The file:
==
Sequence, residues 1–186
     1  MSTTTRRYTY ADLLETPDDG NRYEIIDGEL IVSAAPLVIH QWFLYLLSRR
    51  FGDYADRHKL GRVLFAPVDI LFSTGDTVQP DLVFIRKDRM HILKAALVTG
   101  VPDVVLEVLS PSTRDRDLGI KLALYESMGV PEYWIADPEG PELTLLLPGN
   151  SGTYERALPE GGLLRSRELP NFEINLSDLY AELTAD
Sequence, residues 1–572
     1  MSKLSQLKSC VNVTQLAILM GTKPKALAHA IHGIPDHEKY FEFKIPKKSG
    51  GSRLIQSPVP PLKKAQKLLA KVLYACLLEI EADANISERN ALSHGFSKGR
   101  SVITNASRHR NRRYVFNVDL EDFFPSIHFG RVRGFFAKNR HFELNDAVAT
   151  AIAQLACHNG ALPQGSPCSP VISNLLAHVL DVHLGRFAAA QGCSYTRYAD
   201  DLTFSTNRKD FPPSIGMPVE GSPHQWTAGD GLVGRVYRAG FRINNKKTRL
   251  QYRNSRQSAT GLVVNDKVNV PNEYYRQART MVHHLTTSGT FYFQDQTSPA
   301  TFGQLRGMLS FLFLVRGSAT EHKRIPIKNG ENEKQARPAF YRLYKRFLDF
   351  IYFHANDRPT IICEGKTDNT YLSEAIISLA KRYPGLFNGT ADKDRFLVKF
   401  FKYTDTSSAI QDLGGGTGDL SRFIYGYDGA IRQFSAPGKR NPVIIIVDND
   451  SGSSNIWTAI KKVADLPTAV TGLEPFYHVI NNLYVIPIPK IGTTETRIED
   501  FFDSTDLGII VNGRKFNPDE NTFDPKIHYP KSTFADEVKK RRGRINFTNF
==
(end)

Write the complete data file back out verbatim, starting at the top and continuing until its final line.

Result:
Sequence, residues 1–186
     1  MSTTTRRYTY ADLLETPDDG NRYEIIDGEL IVSAAPLVIH QWFLYLLSRR
    51  FGDYADRHKL GRVLFAPVDI LFSTGDTVQP DLVFIRKDRM HILKAALVTG
   101  VPDVVLEVLS PSTRDRDLGI KLALYESMGV PEYWIADPEG PELTLLLPGN
   151  SGTYERALPE GGLLRSRELP NFEINLSDLY AELTAD
Sequence, residues 1–572
     1  MSKLSQLKSC VNVTQLAILM GTKPKALAHA IHGIPDHEKY FEFKIPKKSG
    51  GSRLIQSPVP PLKKAQKLLA KVLYACLLEI EADANISERN ALSHGFSKGR
   101  SVITNASRHR NRRYVFNVDL EDFFPSIHFG RVRGFFAKNR HFELNDAVAT
   151  AIAQLACHNG ALPQGSPCSP VISNLLAHVL DVHLGRFAAA QGCSYTRYAD
   201  DLTFSTNRKD FPPSIGMPVE GSPHQWTAGD GLVGRVYRAG FRINNKKTRL
   251  QYRNSRQSAT GLVVNDKVNV PNEYYRQART MVHHLTTSGT FYFQDQTSPA
   301  TFGQLRGMLS FLFLVRGSAT EHKRIPIKNG ENEKQARPAF YRLYKRFLDF
   351  IYFHANDRPT IICEGKTDNT YLSEAIISLA KRYPGLFNGT ADKDRFLVKF
   401  FKYTDTSSAI QDLGGGTGDL SRFIYGYDGA IRQFSAPGKR NPVIIIVDND
   451  SGSSNIWTAI KKVADLPTAV TGLEPFYHVI NNLYVIPIPK IGTTETRIED
   501  FFDSTDLGII VNGRKFNPDE NTFDPKIHYP KSTFADEVKK RRGRINFTNF